Agriculture faces an uncertain future in Oregon and the country at large. Low wages, climate change hazards like smoke and extreme heat, and the relatively high toll farmwork takes on the human body, have led younger people away from farm work.
According to a 2018 report by farm lending group AgAmerica Lending, the average age of farmers in the United States is 59 years old, and farmers under the age of 35 account for just 9% of the labor force.
A 2020 report by supply chain software company GEP Worldwide found stricter immigration policies have made owning a farm less profitable.
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The GEP report recommended farms adopt agrotechnology — including robotics, artificial intelligence and predictive software — to cut costs and increase profits. Recent advances in robotics, along with Oregon universities’ agricultural programs and sustainability incentives have poised Oregon to become an epicenter of robotic farming.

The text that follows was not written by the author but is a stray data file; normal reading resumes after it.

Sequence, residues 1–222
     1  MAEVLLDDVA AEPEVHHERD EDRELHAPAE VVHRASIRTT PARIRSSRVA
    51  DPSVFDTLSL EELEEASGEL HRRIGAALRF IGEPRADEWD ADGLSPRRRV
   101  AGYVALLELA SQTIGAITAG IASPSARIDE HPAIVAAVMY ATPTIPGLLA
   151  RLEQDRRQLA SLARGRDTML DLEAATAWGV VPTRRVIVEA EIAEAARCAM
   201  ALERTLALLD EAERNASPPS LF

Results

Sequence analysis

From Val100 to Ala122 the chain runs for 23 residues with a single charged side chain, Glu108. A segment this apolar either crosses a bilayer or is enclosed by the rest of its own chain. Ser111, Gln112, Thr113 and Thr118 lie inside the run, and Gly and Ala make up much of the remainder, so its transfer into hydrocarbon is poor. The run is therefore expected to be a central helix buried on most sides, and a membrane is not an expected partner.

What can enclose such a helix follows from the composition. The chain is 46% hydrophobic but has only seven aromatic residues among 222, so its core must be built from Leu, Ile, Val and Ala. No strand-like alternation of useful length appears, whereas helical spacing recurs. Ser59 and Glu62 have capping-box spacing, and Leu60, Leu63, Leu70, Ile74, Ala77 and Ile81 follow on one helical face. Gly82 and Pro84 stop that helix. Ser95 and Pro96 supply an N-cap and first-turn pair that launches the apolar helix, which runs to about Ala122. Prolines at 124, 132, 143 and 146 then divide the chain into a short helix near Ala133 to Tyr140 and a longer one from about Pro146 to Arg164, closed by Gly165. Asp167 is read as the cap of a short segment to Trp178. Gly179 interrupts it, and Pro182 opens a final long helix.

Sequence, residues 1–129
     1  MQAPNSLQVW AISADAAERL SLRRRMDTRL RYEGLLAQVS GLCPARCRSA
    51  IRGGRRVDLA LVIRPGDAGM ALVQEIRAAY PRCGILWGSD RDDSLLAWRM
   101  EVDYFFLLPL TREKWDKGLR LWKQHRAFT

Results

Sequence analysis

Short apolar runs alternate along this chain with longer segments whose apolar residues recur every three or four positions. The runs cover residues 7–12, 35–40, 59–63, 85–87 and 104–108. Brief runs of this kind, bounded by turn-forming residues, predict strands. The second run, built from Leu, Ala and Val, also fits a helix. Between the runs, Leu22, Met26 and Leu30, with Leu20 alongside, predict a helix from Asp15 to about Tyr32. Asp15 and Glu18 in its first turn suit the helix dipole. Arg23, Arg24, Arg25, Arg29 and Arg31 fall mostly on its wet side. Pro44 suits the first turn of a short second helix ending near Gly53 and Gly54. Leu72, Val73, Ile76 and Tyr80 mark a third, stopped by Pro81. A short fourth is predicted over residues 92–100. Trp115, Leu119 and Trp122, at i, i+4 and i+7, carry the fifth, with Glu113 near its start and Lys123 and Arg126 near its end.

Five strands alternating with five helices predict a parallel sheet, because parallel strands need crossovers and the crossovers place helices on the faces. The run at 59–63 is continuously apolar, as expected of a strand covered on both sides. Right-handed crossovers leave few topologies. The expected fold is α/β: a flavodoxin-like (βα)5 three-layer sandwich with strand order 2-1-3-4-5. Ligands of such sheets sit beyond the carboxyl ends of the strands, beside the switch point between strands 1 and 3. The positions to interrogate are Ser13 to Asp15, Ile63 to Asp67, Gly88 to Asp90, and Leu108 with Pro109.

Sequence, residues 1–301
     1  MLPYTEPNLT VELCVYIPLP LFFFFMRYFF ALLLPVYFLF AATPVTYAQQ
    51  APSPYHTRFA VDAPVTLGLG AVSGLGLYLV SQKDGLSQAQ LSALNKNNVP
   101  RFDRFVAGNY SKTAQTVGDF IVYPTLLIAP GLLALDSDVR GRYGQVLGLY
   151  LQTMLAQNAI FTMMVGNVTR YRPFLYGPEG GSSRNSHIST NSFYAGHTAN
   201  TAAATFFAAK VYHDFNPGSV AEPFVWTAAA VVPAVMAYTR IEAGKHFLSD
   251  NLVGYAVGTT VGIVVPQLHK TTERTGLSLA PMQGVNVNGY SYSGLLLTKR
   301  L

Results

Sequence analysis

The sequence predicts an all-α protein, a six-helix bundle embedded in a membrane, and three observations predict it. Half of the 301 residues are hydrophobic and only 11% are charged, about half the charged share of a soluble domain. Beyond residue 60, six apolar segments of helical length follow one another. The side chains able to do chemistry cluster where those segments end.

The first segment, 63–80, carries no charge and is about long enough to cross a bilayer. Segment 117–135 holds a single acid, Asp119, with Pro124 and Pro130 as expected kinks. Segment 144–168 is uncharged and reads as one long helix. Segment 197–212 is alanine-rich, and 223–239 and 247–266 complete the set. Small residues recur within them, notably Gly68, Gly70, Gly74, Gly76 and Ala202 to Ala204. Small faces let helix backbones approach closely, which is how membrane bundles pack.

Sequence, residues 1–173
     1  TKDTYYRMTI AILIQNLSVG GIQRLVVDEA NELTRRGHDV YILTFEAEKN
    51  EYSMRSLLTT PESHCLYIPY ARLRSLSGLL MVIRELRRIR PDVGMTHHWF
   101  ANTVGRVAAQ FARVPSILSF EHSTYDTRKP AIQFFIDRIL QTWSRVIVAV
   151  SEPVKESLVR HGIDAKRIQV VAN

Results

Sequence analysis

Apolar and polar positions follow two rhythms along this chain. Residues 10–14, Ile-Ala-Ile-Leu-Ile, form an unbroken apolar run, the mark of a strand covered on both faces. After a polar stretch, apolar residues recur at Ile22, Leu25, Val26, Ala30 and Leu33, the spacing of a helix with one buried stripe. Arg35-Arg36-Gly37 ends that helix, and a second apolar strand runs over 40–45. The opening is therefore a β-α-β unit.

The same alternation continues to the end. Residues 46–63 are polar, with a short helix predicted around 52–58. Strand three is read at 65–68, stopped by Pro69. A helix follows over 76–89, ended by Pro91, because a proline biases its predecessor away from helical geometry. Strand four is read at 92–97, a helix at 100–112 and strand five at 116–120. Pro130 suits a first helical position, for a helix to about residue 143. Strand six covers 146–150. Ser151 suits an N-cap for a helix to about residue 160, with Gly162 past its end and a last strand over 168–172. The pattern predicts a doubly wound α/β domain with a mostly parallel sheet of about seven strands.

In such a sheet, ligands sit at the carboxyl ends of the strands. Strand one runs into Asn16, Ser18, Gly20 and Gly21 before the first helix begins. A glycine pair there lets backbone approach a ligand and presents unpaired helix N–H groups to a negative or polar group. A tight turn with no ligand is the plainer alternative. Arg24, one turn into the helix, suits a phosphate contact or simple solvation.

These advancements will not only make farming more efficient, but could also cause farming to be seen as a more appealing career path to students coming out of college.
“It is important we make farm work exciting again. Some people look at farm work and see it as drudgery,” says Praveen Penmetsa, CEO of Monarch Tractors, a California-based company that makes fully electric driver-optional tractors. “It’s a lot more exciting to become a fleet operator and get to work with the latest technology.”